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Except for a few reprinted old documents, articles on this site are copyrighted by the author, and may not be reprinted without permission. You are, however, free to link to any article or page on this site without prior permission although it's nice to know who's linking to us.

Bill Samuel, August 4, 2002
Bill Samuel
Webservant
QuakerInfo.com

Towards Renewal Within the Religious Society of Friends, Part 2 of 2
by Bill Samuel

Reprinted with permission from Quaker Religious Thought #87 (May 1996)

If you have not yet read Part 1, I suggest you do so before reading this part.

The Call of Christ

Are these negative feelings the proper mark of Christ's people? Of course not. It is all too easy to let ourselves be overcome by the things that disappoint us. But if we believe in the gospel, we know that Christ has won the victory and we should not be discouraged. Jesus' Great Commission and the vision of Fox of a great people to be gathered should still motivate Christians. There is a broken world around us, full of people who need to hear the Good News of their Savior, not the frustrations of people immobilized by denominational struggles.

There must be a realignment. I am not speaking of a structural change in the Religious Society of Friends, although that may come about. The realignment of which I speak is to come into alignment with the cause of Christ in this world. Christians must move from reaction to the initiatives of those who don't share our faith, to action to implement the call of Christ in our individual and corporate lives. That others don't hear the call, or actively resist the call, is not a reason for us to give anything but our all for our Lord and Savior.

Signs of Renewal

There are indeed signs of a stirring among Christian Friends who may seem isolated in the Quaker environment in which they find themselves. There are many striving to align themselves with Christ, increasingly joining with others for mutual encouragement and nurture. In recent years, local and regional fellowships of believers have sprung up in many parts of liberal Quakerism. From Maryland to California, from Britain to Chicago, Christians are gathering periodically to worship together, to pray together, to nurture each other's faithfulness. There are no formal ties among these groups, but there are many connections made. Ohio Yearly Meeting (Conservative) has played an important role in nurturing a number of these fellowships through visits, correspondence and larger gatherings.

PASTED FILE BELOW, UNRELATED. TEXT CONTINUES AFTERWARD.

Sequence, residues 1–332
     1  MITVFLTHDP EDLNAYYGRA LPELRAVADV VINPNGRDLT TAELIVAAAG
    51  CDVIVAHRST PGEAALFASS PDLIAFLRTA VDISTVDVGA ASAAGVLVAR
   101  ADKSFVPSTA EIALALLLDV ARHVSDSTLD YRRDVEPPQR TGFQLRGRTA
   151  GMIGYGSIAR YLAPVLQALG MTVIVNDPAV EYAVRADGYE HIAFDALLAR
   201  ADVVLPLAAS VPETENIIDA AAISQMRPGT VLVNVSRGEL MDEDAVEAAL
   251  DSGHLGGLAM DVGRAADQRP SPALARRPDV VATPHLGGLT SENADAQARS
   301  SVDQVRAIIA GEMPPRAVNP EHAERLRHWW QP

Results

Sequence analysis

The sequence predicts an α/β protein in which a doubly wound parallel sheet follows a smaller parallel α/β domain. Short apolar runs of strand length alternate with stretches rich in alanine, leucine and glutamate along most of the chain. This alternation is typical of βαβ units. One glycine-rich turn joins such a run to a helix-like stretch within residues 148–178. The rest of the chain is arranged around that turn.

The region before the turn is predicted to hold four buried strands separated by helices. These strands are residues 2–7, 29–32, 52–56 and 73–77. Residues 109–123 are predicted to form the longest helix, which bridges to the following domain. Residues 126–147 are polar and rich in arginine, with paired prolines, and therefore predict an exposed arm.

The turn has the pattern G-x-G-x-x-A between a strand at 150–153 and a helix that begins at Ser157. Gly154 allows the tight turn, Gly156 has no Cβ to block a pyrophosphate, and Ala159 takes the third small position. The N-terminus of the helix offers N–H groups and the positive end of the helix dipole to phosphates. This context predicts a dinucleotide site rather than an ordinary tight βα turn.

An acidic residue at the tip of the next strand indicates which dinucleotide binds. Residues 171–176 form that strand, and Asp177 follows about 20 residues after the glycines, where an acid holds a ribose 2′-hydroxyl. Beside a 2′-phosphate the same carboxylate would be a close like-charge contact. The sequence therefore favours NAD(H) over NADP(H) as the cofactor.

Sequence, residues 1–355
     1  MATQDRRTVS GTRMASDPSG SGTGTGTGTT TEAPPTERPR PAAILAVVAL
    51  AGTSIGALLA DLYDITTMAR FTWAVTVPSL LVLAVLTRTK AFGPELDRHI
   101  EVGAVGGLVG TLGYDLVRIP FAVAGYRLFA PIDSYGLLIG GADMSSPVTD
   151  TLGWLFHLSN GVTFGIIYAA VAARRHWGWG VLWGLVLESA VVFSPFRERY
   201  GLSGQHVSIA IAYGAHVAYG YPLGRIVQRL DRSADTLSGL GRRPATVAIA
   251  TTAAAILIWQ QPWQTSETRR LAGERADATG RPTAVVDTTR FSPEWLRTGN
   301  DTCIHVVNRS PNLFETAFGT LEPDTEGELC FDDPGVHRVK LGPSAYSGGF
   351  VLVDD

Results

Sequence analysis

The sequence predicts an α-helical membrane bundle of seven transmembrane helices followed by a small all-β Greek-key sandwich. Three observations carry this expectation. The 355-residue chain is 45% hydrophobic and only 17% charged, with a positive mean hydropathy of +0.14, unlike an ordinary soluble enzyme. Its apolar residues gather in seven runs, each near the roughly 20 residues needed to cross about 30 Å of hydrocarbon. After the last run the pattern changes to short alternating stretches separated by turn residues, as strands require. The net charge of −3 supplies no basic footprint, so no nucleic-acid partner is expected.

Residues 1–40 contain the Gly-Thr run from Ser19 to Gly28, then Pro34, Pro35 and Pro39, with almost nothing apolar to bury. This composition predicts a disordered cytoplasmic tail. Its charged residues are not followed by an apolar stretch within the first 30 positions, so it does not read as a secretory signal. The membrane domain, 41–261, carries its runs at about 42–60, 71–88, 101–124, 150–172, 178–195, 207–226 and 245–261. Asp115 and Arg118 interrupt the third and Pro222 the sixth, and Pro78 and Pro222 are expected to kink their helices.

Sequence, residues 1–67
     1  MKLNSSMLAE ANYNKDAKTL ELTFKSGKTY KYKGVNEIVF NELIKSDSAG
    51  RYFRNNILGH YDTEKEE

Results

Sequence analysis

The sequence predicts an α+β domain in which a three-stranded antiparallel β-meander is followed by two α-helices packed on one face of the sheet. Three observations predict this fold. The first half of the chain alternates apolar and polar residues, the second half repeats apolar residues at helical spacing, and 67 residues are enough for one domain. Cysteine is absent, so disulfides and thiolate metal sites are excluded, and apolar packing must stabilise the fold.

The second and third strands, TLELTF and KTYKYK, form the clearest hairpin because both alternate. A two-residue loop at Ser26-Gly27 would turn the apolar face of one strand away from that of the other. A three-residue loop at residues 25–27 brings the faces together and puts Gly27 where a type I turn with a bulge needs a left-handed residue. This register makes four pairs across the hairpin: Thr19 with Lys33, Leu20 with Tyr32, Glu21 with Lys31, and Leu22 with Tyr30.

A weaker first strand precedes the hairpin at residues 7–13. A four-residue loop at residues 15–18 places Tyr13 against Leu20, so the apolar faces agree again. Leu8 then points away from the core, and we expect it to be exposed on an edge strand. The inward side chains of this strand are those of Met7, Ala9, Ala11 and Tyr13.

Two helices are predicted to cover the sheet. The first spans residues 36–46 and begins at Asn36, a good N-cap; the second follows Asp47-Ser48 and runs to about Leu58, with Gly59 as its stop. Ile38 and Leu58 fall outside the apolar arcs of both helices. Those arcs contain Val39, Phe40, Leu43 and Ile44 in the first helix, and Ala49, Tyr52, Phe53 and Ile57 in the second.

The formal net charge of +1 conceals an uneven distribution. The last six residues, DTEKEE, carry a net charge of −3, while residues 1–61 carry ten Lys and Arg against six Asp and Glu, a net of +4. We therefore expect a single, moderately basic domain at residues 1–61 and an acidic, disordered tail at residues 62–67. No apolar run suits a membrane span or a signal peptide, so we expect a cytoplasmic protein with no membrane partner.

What are the fruits of these movements to gather together in the name of Jesus? I know best from several years of experience of Christians in the Baltimore Yearly Meeting area meeting together. I hear similar reports from other areas.

Christians become bolder in proclaiming our faith. With the support of others, Friends "come out of the closet" and speak openly of their faith, and are less inclined to re-cast their message in terms deemed comfortable to a mixed group of listeners. Initially, Christians often do this with a lot of residual fear of how others will react. More often than not, we find our meetings respond more positively to authentic messages which are unambiguously Christian than they have to our self-filtered messages of prior years which had lost their power in the speaker's efforts to be inoffensive.

There may be noticeable changes in the atmosphere of monthly meetings. Where before there may have been a distinct sense that messages referring to Jesus or the Bible were not very welcome, such messages may become common and accepted. Bible study groups may begin, and adult education opportunities may focus on our Friends heritage without shrinking from its Christian content.

Friends revitalized through Christian fellowship may bring that energy into yearly meeting work. In Baltimore Yearly Meeting, Friends involved in the informal Christian fellowship network have played key roles in furthering the Spiritual Formation Program and other initiatives of the Committee on Nurture and Recognition of Ministry. While such programs are not presented as explicitly Christian, and involve a wide range of Friends, their character is deeply affected by the Christian commitment some of the leadership brings to them.

Christian Renewal in Perspective

The Christian renewal movement that I see among Friends (and there are signs of renewal in other parts of Quakerism than those I have concentrated upon here) is not an isolated phenomenon. The fresh winds of the spirit are blowing across the body of Christ. They are reflected in denominational renewal movements, parachurch movements, and the growth of nondenominational churches. In the limited contacts I have had with renewal movements centered in other denominations, I see certain characteristics appearing repeatedly:

  • They call for a return to the spirit and vision of the early leaders of the denomination.